- Toyota, in partnership with the Olympic and Paralympic Games, has released its full lineup of electric vehicles that will be used in the Tokyo 2020 games.
- The automaker aims to have the lowest emissions of any official fleet used in the games so far.
- Some vehicles, like the hydrogen fuel cell-powered Mirai, are already commercially available. Others, like the Accessible People Movers, are being developed specifically for Tokyo 2020.
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Toyota, the Japanese worldwide partner of the Olympic and Paralympic Games, has released its full lineup of electric vehicles that will be used in the Tokyo 2020 games.
The automaker’s stated goal is to achieve the lowest emission level of any official fleet used at the Olympic and Paralympic Games. To do this, Toyota will provide 3,700 mobility products for the games, 90% of which will be electric. They will include hybrids, fuel cell electric vehicles, plug-in hybrids, Prius Primes, and battery electric vehicles.
In total, Toyota estimates that the CO2 emissions will average less than 80 grams per kilometre, which is estimated to be half the amount a conventional gasoline and diesel-fuelled fleet of this size would produce.
In an aim to achieve “Mobility for All”, the vehicles will be servicing different aspects of the games. For example, some will be transporting people between venues and others only within venues. Another is only tasked with moving around the athletes and other staff within the Olympic and Paralympic Villages.
Some vehicles, like the Mirai, are already commercially available, while others, like the Accessible People Mover, are being developed specifically for the games. There’s also a version of Toyota’s autonomous shuttle that will have its own Tokyo 2020 version.
From cars to shuttles to Segway-like personal mobility devices, here are all the electric vehicles Toyota plans on using for next year’s Olympic games:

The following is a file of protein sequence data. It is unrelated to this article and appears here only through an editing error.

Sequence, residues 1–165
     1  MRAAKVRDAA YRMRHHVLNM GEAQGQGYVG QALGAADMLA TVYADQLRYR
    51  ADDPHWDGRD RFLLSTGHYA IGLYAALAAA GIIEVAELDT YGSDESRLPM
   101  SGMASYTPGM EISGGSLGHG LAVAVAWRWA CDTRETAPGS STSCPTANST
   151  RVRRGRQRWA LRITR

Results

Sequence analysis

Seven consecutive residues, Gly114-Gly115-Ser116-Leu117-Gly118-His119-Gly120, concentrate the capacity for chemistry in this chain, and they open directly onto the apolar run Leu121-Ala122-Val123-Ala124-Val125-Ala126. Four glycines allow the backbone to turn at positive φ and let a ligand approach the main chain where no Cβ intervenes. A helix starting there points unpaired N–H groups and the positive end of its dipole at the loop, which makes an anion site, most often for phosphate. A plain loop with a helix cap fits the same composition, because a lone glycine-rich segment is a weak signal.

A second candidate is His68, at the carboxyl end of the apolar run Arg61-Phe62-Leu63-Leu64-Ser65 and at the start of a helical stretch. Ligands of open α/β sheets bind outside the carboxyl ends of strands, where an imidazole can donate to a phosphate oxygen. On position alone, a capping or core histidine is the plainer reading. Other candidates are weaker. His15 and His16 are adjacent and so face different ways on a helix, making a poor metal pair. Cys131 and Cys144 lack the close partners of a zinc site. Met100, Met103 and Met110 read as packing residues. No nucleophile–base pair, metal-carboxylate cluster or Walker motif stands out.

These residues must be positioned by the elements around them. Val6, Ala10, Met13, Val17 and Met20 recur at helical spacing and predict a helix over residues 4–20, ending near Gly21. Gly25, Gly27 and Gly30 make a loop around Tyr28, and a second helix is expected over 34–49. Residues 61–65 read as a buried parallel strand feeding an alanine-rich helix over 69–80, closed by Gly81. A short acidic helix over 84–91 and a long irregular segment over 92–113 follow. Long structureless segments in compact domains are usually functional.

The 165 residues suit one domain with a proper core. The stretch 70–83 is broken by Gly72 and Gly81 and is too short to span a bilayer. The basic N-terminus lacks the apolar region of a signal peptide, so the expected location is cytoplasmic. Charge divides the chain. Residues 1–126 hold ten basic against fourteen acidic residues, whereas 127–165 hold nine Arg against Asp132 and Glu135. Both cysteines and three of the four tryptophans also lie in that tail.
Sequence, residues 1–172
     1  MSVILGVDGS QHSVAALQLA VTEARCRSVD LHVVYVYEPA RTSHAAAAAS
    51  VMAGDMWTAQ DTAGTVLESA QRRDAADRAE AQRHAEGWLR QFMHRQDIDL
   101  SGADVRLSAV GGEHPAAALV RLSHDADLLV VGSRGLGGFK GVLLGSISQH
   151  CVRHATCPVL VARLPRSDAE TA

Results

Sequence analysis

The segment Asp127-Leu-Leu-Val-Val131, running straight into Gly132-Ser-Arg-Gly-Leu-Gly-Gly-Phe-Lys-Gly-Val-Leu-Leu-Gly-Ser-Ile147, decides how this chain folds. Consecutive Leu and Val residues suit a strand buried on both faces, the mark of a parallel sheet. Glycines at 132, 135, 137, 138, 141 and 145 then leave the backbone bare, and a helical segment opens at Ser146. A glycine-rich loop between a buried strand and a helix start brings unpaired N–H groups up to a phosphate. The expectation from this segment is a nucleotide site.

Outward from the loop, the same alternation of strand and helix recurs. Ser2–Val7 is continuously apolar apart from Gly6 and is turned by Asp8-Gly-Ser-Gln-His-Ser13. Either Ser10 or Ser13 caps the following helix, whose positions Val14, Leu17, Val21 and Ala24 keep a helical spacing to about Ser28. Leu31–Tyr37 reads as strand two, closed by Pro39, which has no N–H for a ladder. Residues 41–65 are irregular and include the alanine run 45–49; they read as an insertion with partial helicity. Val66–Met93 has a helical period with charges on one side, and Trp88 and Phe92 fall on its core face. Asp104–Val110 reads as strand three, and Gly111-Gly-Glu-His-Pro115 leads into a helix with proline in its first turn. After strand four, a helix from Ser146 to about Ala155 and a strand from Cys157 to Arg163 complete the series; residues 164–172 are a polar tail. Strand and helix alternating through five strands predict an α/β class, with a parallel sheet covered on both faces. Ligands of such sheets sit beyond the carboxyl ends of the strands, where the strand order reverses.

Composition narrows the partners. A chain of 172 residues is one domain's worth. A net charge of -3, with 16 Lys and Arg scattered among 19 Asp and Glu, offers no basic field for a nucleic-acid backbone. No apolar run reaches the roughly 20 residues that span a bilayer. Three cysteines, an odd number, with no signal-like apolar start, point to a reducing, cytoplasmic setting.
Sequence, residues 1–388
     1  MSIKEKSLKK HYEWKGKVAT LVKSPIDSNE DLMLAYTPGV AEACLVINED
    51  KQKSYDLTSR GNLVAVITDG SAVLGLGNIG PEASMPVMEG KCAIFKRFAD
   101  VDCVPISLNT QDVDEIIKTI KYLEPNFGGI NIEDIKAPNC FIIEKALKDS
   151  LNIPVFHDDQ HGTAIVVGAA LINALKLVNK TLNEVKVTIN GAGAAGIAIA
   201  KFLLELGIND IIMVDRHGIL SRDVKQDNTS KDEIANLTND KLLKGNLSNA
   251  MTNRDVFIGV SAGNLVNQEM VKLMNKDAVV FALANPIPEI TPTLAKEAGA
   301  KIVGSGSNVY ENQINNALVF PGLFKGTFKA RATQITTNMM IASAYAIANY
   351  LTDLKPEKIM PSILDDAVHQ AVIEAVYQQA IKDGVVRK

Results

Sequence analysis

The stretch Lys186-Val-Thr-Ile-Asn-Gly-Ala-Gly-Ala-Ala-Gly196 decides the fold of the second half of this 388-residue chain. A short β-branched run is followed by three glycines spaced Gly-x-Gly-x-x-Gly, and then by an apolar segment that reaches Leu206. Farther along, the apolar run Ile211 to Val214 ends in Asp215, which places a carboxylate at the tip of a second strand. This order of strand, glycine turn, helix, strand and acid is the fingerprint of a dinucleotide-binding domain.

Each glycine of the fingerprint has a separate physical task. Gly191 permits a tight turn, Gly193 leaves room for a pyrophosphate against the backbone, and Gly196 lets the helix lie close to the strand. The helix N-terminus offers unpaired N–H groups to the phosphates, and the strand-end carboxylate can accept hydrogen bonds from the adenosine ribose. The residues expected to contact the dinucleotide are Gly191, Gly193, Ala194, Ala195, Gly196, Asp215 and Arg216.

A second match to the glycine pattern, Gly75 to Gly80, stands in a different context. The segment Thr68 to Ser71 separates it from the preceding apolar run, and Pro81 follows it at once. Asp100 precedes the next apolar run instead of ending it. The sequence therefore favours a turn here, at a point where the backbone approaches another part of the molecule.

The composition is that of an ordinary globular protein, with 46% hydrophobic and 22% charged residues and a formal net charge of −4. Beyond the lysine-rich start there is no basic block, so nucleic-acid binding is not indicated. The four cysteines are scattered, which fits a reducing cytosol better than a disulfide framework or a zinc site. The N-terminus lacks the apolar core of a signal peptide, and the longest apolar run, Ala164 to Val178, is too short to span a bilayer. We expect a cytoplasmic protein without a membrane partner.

Toyota plans on deploying around 200 Accessible People Movers, or APMs, specifically for Tokyo 2020. This battery-powered vehicle is designed to be the “last one-mile” solution to transport athletes, staff, and visitors to events and venues, as well as a “relief vehicle,” which could be used to transport injured athletes.
For “last mile” purposes, the three-row APM can fit five passengers and one driver, and the seats can be folded to accommodate a wheelchair. For “relief” use, the APM can be used as an ambulance-type of vehicle.
The second and third row space can be used as a stretcher, and an independent stretcher can be secured to the vehicle as well. With its current layout, two relief staff workers can fit adjacent to the stretcher space.
The e-Palette was developed specifically for Autono-MaaS, an Uber and Toyota partnership that means “autonomous-mobility as a service,” and is the automaker’s first battery-powered electric vehicle.
Dozens of the e-Palettes will be running on a continuous loop in the Olympic and Paralympic Village to transport athletes and staff like a bus. Toyota also plans for it to be an autonomous vehicle, while still having an operator on board to monitor the driving operations.
Like the APM, the e-Palette will be wheelchair accessible.
The Concept-i has a “high-tech one-motion silhouette exterior design,” according to Toyota. The car, which was first unveiled in 2017, will be used in the Olympic torch relay and serve as the leading vehicle in the marathon.
The Concept-i uses AI to absorb driving patterns, schedules, and emotions to better improve the quality of life for the passengers, according to Toyota.
Toyota will be providing around 300 “standing-type” personal mobility devices for security and medical staff in the Olympic venues.
To increase accessibility, the automaker will also be implementing sitting-type and wheel-chair link devices for people who have difficulty standing and walking.
Toyota plans on providing around 500 Mirais to transport staff around and between the official Olympic venues.
The Mirai, which means ‘”future” — has an MSRP of $US58,500, and emits no carbon dioxide by using hybrid hydrogen fuel cell technology.
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